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Willemstad: The Best of Both Worlds

by Troy

Willemstad: The Best of Both Worlds

If you’re wandering in the streets of Willemstad, Curacao’s capital city you will find the city jarringly familiar (that is if you’re Dutch). The streets of Willemstad you will find pastel-colored buildings and houses overlooking the deep-water waterfront of the eastern shore of Sta. Anna Bay.

Willemstad is divided in two quarters; Punda and Otrobanda. Punda, (de punt in Dutch, meaning “the point”) which was established in 1634 by the Dutch has an unmistakably Dutch character. The urban framework and the small design that has a front street and back alley that as a rule are used for mostly for transport and disposal of goods. On this side of Willemstad, Curacao, one can find the famed Floating Market; a market with merchant boats loaded with spices, vegetables and fruits. Punda is also the commercial district of Willemstad, Curacao. Otrobanda, (“the other side”) founded in 1707 is located at other side of the Sta. Anna Bay, and is quickly becoming a commercial center; with a wide variety of hotels and restaurants. There are also lots of 18th and 19th century structures in this part of Willemstad, Curacao.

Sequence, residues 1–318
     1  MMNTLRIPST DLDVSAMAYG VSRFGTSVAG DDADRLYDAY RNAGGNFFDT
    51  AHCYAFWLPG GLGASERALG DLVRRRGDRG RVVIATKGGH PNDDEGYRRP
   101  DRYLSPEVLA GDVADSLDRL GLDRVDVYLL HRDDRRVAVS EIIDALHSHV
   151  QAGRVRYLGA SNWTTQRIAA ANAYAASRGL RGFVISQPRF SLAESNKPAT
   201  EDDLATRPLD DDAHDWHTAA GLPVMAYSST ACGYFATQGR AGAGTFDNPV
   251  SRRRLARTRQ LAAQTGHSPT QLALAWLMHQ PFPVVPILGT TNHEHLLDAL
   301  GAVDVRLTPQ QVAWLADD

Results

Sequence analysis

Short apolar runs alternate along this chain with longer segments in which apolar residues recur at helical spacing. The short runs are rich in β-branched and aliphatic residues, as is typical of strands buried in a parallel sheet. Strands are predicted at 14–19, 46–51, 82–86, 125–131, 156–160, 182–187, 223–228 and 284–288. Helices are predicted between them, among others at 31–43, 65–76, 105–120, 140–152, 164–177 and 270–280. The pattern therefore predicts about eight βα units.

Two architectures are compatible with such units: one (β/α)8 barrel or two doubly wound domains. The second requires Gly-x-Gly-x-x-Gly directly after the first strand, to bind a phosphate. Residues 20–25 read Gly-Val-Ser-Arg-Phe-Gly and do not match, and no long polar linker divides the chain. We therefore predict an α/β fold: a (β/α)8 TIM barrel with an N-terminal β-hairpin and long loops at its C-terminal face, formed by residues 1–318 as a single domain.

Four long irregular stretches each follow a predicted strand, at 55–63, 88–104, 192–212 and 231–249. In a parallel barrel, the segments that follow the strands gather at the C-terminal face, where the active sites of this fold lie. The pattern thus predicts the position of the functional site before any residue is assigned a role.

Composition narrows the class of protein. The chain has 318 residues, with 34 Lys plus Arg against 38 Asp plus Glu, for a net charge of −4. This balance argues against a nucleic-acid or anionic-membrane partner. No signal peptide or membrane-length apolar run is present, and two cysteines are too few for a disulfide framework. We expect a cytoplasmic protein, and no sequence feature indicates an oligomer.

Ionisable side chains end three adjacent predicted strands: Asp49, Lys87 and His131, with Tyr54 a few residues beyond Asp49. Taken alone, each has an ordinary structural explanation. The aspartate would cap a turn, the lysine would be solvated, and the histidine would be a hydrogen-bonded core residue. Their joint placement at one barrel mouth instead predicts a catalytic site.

The city of Willemstad, Curacao has an array of colonial architecture that is influenced by the Dutch. The city itself has a European look that most people would consider Willemstad a city in the West Indies. Its city center has been made a World Heritage Site by UNESCO because of its atypical architecture and stunning harbour entry. Dining-out is also famous in Willemstad. Open air dining is offered in Waterfront Arches during the evenings. Some restaurants have a terrace overlooking the ocean. Willemstad is the site of a seaport because of its location. The port of Willemstad has brought the island success in the economy. Willemstad is also a center for oil refining because of the oil refinery that was built by the Dutch Government. The oil refinery was built on a former slave market site at Asiento. The installation provided the employment of the local population. It was an ideal site for the installation because it was near the Maracaibo Basin oil fields and it was far from the social and civil unrest of South America. At Chobolobo, original Curacao Liqueur is distilled in over 100 year old barrels on a old colonial mansion.

This tropical metropolis is the called home by people from different countries. With a fascinating mix of culture (Dutch, Spanish and English); Willemstad, Curacao’s capital is truly a nice place to be in the Caribbean.
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